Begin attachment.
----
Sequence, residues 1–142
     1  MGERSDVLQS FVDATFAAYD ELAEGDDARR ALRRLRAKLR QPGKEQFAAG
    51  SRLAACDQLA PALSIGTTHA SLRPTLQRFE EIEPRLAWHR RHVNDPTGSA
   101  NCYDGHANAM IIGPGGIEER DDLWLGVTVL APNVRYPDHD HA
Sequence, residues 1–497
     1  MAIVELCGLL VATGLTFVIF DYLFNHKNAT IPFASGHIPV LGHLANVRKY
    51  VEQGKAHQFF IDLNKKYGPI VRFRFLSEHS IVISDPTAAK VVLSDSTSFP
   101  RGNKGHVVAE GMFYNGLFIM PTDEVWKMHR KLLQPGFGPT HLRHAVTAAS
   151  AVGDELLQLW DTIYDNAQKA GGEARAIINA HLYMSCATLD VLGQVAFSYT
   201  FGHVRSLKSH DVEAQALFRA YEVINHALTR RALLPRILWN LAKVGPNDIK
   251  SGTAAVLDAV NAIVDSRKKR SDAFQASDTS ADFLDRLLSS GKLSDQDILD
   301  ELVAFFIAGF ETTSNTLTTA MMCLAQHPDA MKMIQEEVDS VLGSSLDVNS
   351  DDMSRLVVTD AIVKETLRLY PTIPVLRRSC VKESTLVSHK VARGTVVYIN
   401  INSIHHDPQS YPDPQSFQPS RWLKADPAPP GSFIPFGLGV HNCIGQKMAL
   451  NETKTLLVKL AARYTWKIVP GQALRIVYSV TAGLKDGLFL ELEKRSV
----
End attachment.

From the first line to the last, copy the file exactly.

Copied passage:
Sequence, residues 1–142
     1  MGERSDVLQS FVDATFAAYD ELAEGDDARR ALRRLRAKLR QPGKEQFAAG
    51  SRLAACDQLA PALSIGTTHA SLRPTLQRFE EIEPRLAWHR RHVNDPTGSA
   101  NCYDGHANAM IIGPGGIEER DDLWLGVTVL APNVRYPDHD HA
Sequence, residues 1–497
     1  MAIVELCGLL VATGLTFVIF DYLFNHKNAT IPFASGHIPV LGHLANVRKY
    51  VEQGKAHQFF IDLNKKYGPI VRFRFLSEHS IVISDPTAAK VVLSDSTSFP
   101  RGNKGHVVAE GMFYNGLFIM PTDEVWKMHR KLLQPGFGPT HLRHAVTAAS
   151  AVGDELLQLW DTIYDNAQKA GGEARAIINA HLYMSCATLD VLGQVAFSYT
   201  FGHVRSLKSH DVEAQALFRA YEVINHALTR RALLPRILWN LAKVGPNDIK
   251  SGTAAVLDAV NAIVDSRKKR SDAFQASDTS ADFLDRLLSS GKLSDQDILD
   301  ELVAFFIAGF ETTSNTLTTA MMCLAQHPDA MKMIQEEVDS VLGSSLDVNS
   351  DDMSRLVVTD AIVKETLRLY PTIPVLRRSC VKESTLVSHK VARGTVVYIN
   401  INSIHHDPQS YPDPQSFQPS RWLKADPAPP GSFIPFGLGV HNCIGQKMAL
   451  NETKTLLVKL AARYTWKIVP GQALRIVYSV TAGLKDGLFL ELEKRSV